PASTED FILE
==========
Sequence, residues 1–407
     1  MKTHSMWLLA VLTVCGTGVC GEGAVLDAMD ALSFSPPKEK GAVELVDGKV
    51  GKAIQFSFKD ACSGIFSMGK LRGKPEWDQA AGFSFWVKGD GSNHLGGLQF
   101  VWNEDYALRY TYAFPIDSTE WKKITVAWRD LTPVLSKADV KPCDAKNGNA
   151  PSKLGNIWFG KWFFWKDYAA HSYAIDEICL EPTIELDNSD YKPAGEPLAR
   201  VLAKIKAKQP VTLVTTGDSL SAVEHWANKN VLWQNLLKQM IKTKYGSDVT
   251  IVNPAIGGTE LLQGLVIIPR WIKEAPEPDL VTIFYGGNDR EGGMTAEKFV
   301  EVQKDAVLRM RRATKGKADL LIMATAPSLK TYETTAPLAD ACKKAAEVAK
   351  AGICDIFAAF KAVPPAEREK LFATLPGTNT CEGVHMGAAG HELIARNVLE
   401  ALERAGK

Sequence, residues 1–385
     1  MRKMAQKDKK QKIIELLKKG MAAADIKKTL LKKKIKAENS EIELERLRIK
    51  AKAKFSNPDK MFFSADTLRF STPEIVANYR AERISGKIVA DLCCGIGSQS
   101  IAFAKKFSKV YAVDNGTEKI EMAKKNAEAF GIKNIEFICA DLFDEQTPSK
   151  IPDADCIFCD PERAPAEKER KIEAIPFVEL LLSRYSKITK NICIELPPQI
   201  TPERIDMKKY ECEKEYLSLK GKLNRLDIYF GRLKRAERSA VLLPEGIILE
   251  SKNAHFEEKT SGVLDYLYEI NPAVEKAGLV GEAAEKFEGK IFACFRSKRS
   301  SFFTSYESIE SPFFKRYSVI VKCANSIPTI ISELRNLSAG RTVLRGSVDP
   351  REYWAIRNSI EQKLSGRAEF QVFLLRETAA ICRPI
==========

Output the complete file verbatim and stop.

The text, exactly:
Sequence, residues 1–407
     1  MKTHSMWLLA VLTVCGTGVC GEGAVLDAMD ALSFSPPKEK GAVELVDGKV
    51  GKAIQFSFKD ACSGIFSMGK LRGKPEWDQA AGFSFWVKGD GSNHLGGLQF
   101  VWNEDYALRY TYAFPIDSTE WKKITVAWRD LTPVLSKADV KPCDAKNGNA
   151  PSKLGNIWFG KWFFWKDYAA HSYAIDEICL EPTIELDNSD YKPAGEPLAR
   201  VLAKIKAKQP VTLVTTGDSL SAVEHWANKN VLWQNLLKQM IKTKYGSDVT
   251  IVNPAIGGTE LLQGLVIIPR WIKEAPEPDL VTIFYGGNDR EGGMTAEKFV
   301  EVQKDAVLRM RRATKGKADL LIMATAPSLK TYETTAPLAD ACKKAAEVAK
   351  AGICDIFAAF KAVPPAEREK LFATLPGTNT CEGVHMGAAG HELIARNVLE
   401  ALERAGK

Sequence, residues 1–385
     1  MRKMAQKDKK QKIIELLKKG MAAADIKKTL LKKKIKAENS EIELERLRIK
    51  AKAKFSNPDK MFFSADTLRF STPEIVANYR AERISGKIVA DLCCGIGSQS
   101  IAFAKKFSKV YAVDNGTEKI EMAKKNAEAF GIKNIEFICA DLFDEQTPSK
   151  IPDADCIFCD PERAPAEKER KIEAIPFVEL LLSRYSKITK NICIELPPQI
   201  TPERIDMKKY ECEKEYLSLK GKLNRLDIYF GRLKRAERSA VLLPEGIILE
   251  SKNAHFEEKT SGVLDYLYEI NPAVEKAGLV GEAAEKFEGK IFACFRSKRS
   301  SFFTSYESIE SPFFKRYSVI VKCANSIPTI ISELRNLSAG RTVLRGSVDP
   351  REYWAIRNSI EQKLSGRAEF QVFLLRETAA ICRPI